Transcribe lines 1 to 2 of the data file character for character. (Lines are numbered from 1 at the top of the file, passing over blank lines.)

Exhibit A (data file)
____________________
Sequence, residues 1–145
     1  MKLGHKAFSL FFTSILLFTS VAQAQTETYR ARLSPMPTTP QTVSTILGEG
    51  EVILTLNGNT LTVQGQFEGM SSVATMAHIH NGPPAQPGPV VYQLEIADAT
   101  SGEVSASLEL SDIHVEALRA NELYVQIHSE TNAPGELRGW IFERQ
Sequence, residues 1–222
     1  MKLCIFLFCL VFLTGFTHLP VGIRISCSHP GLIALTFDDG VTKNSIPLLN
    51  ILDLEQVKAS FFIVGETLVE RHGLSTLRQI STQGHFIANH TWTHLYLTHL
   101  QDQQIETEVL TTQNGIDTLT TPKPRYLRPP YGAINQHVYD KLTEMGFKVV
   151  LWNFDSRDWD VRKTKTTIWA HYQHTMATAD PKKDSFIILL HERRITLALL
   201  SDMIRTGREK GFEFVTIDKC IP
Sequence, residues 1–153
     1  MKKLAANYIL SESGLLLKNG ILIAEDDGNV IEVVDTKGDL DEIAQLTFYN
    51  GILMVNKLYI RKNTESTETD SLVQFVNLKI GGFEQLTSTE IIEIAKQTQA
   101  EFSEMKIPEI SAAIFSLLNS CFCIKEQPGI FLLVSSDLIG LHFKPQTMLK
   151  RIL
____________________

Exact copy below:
Sequence, residues 1–145
     1  MKLGHKAFSL FFTSILLFTS VAQAQTETYR ARLSPMPTTP QTVSTILGEG